To the Editors:
We welcome the report of Rodriguez-Nieves et al1 of 10 new putative cases of perinatally acquired chikungunya virus (CHIKV) infection from 3 pediatric centers in Puerto Rico. However, we were surprised to see the authors imply that this was the first report of perinatally acquired chikungunya in the Western Hemisphere. This priority claim, instead of generating interest in a study, tends to trivialize the findings. In addition, such statements may offend authors whose earlier papers on this topic may have appeared elsewhere. We believe that clarification is needed with respect to other published studies on perinatal chikungunya in the Western Hemisphere during 2015–2016.
Since December 2013, Chikungunya epidemics affected the Western Hemisphere, particularly Caribbean and Latin America with approximately 3 million cases reported to the Pan-American/World Health Organizations. Just in Colombia, more than 1 million cases were notified between 2014 and 2016. In its Sucre department (state), 8 babies with a confirmed perinatally acquired chikungunya (either documented with reverse transcription polymerase chain reaction and/or serology) were reported as early as August 2015.2 A few months later, at its Santander department, 1 additional case was observed in a 12-month period with the aim of detecting psychomotor residual sequelae.3 In July 2016, 2 novel cases were documented (with reverse transcription polymerase chain reaction confirmation both in serum and urine) in Salvador, Brazil.4 In these case series, as with others,2–4 attention was paid to life-threatening complications requiring support of vital functions in the neonatal intensive care unit, such as meconium-stained aspiration pneumonia, sepsis, necrotizing enterocolitis, severe respiratory distress, myocardiopathy, encephalopathy or bullous dermatosis.2–4 In September 2016, the first initiative of data sharing was published as a multicenter study conducted in 4 large regional maternity units from 3 different countries in Latin America.5 The report included 169 newborns observed in El Salvador, Colombia and Dominican Republic. The clinical presentations presumably due to the Asian lineage of CHIKV were consistent with those previously reported from Reunion Island6 with a lesser incidence of neurologic disease but a higher case fatality rate than expected with the Indian ocean lineage.5 Finally, adding the 10 cases of Rodriguez-Nieves et al1 summarizes the Western Hemisphere experience with at least 180 published cases gathered from 5 countries.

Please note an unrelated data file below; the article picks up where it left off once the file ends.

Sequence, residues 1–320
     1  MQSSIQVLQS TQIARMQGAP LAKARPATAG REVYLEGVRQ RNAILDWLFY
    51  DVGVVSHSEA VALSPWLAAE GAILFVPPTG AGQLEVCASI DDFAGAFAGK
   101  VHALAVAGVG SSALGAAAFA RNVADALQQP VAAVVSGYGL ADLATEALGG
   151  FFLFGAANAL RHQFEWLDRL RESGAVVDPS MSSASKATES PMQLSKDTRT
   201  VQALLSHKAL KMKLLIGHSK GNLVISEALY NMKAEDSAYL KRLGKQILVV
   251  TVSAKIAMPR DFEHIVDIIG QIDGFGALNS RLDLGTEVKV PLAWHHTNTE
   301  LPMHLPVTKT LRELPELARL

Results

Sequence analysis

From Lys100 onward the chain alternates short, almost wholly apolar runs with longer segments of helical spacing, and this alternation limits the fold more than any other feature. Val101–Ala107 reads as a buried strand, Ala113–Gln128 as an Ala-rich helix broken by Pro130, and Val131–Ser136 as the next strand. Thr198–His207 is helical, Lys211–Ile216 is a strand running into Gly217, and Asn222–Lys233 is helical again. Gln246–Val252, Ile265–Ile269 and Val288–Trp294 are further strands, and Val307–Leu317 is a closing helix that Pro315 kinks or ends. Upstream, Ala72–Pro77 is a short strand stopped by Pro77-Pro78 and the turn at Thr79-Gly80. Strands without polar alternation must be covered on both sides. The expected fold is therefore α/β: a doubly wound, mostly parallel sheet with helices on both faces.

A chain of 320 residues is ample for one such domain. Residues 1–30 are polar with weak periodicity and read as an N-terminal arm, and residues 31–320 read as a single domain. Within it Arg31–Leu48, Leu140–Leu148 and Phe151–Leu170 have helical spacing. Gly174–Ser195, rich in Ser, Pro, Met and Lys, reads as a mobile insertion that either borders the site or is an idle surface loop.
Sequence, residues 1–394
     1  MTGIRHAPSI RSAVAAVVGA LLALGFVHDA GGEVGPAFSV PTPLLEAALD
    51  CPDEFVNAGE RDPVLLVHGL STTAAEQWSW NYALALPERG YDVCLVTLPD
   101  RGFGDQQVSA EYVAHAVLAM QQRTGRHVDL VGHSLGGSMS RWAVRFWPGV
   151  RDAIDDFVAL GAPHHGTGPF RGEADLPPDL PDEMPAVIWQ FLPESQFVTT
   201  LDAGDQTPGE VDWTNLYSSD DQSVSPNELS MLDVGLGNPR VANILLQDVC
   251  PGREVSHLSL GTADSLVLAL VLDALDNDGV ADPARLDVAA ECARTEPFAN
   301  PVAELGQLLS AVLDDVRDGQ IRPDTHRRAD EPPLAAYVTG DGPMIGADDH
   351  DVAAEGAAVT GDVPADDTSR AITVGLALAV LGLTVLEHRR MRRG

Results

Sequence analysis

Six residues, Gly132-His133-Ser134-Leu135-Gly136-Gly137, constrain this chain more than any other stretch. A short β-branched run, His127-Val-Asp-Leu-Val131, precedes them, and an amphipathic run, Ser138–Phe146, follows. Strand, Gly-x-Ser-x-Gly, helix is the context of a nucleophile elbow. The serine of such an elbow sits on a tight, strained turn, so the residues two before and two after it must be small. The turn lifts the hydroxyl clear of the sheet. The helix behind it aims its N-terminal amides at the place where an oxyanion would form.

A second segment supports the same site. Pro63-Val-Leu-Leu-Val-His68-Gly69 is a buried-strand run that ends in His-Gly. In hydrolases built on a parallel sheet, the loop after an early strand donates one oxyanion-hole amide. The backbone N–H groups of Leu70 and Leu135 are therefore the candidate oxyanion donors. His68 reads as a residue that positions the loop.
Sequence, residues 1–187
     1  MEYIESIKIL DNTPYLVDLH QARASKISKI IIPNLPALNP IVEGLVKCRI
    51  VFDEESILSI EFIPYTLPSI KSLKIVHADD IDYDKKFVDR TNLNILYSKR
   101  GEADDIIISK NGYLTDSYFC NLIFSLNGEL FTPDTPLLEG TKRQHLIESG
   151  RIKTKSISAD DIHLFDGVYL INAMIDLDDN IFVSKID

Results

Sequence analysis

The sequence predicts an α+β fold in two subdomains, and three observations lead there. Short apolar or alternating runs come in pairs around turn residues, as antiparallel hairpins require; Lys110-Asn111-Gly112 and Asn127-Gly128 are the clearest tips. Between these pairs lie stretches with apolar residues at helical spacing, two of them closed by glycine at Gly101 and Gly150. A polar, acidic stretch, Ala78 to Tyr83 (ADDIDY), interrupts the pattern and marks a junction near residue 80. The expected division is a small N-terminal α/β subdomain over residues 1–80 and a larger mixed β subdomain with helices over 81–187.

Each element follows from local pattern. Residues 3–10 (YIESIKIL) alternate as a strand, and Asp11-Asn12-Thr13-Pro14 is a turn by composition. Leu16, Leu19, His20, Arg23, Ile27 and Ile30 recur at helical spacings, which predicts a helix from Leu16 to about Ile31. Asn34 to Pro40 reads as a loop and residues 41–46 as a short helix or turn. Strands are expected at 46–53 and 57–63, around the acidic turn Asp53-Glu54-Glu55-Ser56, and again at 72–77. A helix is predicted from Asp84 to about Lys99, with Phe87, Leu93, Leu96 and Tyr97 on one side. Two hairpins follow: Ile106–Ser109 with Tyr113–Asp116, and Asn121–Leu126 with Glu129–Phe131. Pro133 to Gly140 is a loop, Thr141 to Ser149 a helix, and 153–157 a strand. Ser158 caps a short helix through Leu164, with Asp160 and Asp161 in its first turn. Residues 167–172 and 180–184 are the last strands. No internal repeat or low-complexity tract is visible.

Chikungunya represents a substantial risk for neonates born to symptomatic parturients during outbreaks in the Americas, with important clinical and public health implications. Despite efforts to better control the disease, CHIKV transmission still occurs, with more than 300,000 new cases in 2016 in the region. More research is needed as several knowledge gaps remain. These include the study of interactions between the circulating arboviral pathogens and the comparison of CHIKV genotype-specific neurovirulence on long-term neurodevelopmental outcomes to learn whether the Asian lineage could be also associated with poor neurocognitive performances, as observed after infection with the Indian Ocean Lineage.6
Alfonso J. Rodríguez-Morales, MD, MSc, DTM&H, FFTM, RCSPG, FACE
Public Health and Infection Research Group
Faculty of Health Sciences
Universidad Tecnológica de Pereira
Colombian Collaborative Network on Zika and other Arboviruses (RECOLZIKA)
Pereira, Risaralda, Colombia
Ana Carvajal, MD
Infectious Diseases Service
Hospital Universitario de Caracas
Universidad Central de Venezuela
Patrick Gérardin, MD, PhD
INSERM CIC 1410
Saint Pierre, Reunion
CNRS 9192, INSERM U1187, IRD 249, CHU Réunion
Unité Mixte Processus Infectieux en Milieu Insulaire Tropical (PIMIT)
Plateforme Technologique CYROI
Sainte-Clotilde, La Réunion, France
1. Rodríguez-Nieves M, García-García I, García-Fragoso L. Perinatally acquired chikungunya infection: the Puerto Rico experience. Pediatr Infect Dis J. 2016;35:1163.
2. Villamil-Gómez W, Alba-Silvera L, Menco-Ramos A, et al. Congenital chikungunya virus infection in Sincelejo, Colombia: a case series. J Trop Pediatr. 2015;61:386–392.
3. Alvarado-Socarras JL, Ocampo-González M, Vargas-Soler JA, et al. Congenital and neonatal chikungunya in Colombia. J Pediatric Infect Dis Soc. 2016;5:e17–e20.
4. Lyra PP, Campos GS, Bandeira ID, et al. Congenital chikungunya virus infection after an outbreak in Salvador, Bahia, Brazil. AJP Rep. 2016;6:e299–e300.
5. Torres JR, Falleiros-Arlant LH, Dueñas L, et al. Congenital and perinatal complications of chikungunya fever: a Latin American experience. Int J Infect Dis. 2016;51:85–88.
6. Ritz N, Hüfnagel M, Gérardin P. Chikungunya in children. Pediatr Infect Dis J. 2015;34:789–791.